While teaching at ACU, you will encounter a wide range of copyright material, whether you create your own resources or use those in national units.
Understanding copyright is especially important for teachers. When you teach at ACU you are required to follow Australian copyright law.
The rights you have under copyright when you teach vary significantly from the rights of student and researchers, or the rights you have at home. Visit Copyright basics for an introduction to what copyright is, and more information on the types of material it covers.
Types of copyright licenced material
As a teacher you will likely encounter five main types of copyright material during your work.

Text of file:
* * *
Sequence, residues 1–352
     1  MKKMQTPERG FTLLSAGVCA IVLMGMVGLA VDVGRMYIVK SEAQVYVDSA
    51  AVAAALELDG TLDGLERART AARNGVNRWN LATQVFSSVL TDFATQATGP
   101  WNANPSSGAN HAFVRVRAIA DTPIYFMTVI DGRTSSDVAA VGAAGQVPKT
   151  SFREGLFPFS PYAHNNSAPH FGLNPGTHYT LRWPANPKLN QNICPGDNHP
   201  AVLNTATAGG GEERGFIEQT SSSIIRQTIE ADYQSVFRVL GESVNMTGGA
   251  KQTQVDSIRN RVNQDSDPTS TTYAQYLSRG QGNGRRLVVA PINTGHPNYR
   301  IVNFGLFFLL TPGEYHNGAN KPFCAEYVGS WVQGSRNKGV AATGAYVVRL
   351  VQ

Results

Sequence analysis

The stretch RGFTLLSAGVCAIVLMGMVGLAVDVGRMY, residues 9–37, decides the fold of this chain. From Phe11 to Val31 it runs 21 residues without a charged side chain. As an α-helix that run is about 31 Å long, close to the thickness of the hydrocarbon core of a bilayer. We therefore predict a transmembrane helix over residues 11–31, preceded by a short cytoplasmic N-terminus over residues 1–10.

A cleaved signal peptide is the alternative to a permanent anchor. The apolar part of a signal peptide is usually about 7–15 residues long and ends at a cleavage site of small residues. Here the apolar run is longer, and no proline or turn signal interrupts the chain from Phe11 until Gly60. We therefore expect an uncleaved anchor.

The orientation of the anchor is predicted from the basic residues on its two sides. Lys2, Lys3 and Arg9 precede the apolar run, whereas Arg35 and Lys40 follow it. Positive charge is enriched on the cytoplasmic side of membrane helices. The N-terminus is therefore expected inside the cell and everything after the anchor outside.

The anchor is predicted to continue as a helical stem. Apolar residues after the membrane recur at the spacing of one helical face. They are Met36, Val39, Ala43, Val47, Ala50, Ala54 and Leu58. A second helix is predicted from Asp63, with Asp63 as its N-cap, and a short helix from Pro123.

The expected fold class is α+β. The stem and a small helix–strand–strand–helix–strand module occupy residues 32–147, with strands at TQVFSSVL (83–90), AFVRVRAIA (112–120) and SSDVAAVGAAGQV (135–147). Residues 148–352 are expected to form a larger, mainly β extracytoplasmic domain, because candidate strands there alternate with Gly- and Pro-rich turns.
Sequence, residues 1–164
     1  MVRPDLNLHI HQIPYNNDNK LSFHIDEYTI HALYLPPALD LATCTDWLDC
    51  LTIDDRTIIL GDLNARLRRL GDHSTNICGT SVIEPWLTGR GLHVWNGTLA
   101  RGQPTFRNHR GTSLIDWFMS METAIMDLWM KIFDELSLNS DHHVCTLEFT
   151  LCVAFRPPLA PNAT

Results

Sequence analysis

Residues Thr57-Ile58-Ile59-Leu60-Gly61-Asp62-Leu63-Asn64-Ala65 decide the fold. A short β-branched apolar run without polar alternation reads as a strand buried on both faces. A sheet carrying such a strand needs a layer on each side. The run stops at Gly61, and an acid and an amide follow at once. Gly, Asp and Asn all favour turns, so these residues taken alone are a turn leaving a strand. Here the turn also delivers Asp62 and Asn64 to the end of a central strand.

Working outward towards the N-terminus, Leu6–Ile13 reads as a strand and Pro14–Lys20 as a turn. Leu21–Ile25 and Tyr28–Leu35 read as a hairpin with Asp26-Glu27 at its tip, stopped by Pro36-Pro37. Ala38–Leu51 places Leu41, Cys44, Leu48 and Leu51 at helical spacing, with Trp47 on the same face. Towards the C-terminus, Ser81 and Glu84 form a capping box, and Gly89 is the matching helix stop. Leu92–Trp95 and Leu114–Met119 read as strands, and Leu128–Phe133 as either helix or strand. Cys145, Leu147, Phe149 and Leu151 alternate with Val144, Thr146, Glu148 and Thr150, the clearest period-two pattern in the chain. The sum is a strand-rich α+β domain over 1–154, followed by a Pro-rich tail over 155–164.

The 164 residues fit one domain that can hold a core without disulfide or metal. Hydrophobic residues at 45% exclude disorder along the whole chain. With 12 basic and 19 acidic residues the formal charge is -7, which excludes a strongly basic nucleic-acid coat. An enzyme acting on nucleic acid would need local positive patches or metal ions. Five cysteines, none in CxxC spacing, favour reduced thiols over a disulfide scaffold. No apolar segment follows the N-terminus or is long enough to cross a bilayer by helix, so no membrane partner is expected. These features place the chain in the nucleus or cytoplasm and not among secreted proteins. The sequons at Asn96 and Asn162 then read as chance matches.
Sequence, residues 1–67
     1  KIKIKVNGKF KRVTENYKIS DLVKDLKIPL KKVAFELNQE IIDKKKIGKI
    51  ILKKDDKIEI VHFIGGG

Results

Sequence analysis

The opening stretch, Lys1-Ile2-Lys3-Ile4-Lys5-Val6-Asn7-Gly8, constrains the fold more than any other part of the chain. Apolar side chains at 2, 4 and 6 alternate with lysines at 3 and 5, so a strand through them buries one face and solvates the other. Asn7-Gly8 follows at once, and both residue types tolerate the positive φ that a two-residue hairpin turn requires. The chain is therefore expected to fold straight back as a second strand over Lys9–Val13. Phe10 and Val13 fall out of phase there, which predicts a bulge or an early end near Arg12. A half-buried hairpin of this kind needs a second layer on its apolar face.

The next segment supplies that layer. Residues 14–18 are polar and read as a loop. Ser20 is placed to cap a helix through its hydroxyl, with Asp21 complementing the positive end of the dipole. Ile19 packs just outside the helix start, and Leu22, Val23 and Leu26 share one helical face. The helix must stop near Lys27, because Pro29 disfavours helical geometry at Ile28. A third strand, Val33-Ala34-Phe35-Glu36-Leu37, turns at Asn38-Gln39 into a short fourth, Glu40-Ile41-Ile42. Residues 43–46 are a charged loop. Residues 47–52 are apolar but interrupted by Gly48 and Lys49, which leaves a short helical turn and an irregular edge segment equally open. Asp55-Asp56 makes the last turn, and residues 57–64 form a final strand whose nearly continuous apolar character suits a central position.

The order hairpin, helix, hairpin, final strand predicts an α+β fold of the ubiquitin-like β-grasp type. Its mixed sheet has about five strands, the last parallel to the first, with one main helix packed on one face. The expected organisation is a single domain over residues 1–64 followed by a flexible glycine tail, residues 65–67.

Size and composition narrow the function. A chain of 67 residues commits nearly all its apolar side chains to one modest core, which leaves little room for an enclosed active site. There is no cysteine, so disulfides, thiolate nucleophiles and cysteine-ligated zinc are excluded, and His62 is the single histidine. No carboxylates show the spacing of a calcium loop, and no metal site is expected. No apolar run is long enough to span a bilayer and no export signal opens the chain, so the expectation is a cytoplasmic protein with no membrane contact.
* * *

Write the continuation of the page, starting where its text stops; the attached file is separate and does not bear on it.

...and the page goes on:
ACU has also purchased music licences to enable use of music at the university. Ensure you check the Information sheet for music licences for rights and obligations under these licences.
Audio-visual material is protected by copyright and can be found on DVDs, recorded from broadcasts (television) or on the internet (catch up TV, vimeo, YouTube).
Audio-visual material contains multiple copyright materials depending on the topic, scripts, interviews, music, animations and performances, and therefore can have multiple copyright owners.
Using audio-visual material in your teaching
An educational exception under copyright is that it is always ok to play audio-visual material in a physical classroom. However, it may not be ok to record that video as part of a lecture capture system.
ACU recommends Creative Commons material is used when possible, as there is no risk of copyright infringement and no cost associated with their use.